The planets are nestled close to their stars, where stellar winds may have blown ancient atmospheres away
Hubble, ESA and M. Kornmesser
Earth may not provide the best blueprint for how rocky planets are born.
An analysis of planets outside the solar system suggests that most hot, rocky exoplanets started out more like gassy Neptunes. Such planets are rocky now because their stars blew their thick atmospheres away, leaving nothing but an inhospitable core, researchers report in a paper posted online October 15 at arXiv.org. That could mean these planets are not as representative of Earth as scientists thought, and using them to estimate the frequency of potentially life-hosting worlds is misleading.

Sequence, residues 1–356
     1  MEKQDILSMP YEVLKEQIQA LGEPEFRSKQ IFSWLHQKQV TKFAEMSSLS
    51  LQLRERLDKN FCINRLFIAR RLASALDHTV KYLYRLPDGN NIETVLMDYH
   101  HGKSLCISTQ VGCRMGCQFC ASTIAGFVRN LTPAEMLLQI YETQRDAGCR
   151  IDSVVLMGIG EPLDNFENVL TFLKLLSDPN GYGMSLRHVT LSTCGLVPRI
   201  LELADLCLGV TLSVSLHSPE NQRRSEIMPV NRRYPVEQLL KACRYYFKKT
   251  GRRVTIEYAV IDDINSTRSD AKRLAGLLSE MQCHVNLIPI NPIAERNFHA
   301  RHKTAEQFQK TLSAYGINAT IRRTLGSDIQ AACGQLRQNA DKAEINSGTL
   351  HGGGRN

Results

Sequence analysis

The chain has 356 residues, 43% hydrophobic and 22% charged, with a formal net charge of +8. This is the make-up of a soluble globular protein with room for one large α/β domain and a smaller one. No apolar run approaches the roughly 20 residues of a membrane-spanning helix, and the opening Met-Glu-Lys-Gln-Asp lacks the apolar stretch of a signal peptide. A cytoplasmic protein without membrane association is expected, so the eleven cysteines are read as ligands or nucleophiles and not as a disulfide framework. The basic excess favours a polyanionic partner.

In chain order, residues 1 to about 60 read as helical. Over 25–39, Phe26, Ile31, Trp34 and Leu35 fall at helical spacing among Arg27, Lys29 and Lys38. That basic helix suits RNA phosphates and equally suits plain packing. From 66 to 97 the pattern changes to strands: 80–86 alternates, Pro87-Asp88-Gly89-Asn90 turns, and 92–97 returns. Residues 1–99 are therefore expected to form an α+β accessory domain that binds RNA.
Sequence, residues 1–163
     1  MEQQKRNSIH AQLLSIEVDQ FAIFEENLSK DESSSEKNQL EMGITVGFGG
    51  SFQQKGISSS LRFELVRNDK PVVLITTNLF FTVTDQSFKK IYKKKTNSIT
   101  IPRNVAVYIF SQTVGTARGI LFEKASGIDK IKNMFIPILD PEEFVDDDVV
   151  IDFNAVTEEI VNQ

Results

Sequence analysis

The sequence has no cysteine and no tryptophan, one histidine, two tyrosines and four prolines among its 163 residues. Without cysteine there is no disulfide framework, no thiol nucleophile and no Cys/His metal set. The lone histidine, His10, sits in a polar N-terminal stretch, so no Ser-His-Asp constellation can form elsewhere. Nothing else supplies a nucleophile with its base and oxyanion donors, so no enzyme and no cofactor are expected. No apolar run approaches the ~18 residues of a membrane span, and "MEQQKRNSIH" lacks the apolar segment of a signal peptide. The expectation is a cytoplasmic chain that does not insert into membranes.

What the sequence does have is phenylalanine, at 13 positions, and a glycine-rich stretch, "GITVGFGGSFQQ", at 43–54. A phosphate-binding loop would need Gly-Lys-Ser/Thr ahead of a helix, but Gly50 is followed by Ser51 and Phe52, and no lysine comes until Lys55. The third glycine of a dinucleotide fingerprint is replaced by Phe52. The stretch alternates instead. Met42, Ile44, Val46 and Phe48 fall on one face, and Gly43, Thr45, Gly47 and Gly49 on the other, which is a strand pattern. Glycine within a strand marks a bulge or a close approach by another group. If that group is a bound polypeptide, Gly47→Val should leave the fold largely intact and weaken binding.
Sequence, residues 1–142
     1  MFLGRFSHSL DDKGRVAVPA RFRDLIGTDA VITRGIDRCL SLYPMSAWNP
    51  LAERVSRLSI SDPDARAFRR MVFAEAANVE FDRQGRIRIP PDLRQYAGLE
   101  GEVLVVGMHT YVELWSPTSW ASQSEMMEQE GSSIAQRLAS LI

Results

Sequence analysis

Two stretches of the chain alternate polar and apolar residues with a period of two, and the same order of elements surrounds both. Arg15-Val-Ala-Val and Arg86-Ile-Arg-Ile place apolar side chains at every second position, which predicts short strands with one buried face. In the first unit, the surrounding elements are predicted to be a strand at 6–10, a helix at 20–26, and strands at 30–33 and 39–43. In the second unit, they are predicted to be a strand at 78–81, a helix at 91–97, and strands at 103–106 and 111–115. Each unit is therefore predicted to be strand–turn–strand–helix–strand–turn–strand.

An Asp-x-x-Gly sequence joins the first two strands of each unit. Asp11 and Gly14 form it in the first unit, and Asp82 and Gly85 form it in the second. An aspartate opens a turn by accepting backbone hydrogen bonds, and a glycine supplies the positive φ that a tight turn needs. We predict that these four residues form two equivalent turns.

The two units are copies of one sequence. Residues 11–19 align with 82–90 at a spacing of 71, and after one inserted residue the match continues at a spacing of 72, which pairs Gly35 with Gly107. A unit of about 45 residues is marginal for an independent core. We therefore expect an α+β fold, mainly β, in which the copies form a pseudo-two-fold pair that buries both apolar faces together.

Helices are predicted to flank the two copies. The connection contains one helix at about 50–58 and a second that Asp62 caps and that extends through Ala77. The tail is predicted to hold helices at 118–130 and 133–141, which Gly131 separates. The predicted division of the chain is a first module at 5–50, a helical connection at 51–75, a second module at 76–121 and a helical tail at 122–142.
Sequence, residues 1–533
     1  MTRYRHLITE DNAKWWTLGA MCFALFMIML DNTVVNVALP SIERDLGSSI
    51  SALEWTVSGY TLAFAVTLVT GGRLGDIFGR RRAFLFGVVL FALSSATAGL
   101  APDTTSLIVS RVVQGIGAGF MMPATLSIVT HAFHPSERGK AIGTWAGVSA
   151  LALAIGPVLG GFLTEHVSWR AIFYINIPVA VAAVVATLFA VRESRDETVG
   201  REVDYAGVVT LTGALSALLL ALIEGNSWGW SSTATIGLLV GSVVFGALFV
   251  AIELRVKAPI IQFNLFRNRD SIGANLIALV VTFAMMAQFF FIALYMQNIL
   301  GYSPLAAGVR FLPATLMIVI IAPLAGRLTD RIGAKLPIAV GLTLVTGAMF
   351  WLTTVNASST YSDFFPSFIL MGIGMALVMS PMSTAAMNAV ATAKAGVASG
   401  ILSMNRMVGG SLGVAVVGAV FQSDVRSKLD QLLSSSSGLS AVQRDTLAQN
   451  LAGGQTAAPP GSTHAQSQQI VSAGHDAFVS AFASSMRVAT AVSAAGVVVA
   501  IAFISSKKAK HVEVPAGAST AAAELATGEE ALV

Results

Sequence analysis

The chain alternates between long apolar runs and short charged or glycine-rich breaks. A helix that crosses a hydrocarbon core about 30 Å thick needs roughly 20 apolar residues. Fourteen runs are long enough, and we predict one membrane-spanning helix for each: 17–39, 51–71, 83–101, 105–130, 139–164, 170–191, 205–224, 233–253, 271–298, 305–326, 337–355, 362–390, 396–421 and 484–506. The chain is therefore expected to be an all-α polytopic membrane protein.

“One of the big discoveries is that Earth-sized, likely rocky planets are incredibly common, at least on hotter orbits,” says planetary scientist Eric Lopez of NASA’s Goddard Space Flight Center in Greenbelt, Md., who wasn’t involved in the study. “The big question is, are those hot exoplanets telling us anything about the frequency